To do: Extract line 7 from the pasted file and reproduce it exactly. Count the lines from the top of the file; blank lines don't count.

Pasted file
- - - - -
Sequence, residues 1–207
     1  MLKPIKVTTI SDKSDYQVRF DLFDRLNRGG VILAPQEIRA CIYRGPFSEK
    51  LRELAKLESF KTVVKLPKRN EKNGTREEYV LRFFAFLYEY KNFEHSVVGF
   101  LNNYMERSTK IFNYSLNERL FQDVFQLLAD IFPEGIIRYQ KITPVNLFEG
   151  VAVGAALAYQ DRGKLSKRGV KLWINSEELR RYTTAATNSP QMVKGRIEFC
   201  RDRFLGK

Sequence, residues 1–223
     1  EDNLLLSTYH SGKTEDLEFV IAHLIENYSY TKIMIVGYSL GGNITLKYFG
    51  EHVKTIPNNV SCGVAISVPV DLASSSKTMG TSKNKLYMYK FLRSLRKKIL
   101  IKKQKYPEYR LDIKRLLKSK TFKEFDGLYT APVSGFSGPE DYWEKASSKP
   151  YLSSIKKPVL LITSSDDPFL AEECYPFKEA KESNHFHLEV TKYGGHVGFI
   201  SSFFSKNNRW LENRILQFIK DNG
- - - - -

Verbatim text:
Sequence, residues 1–223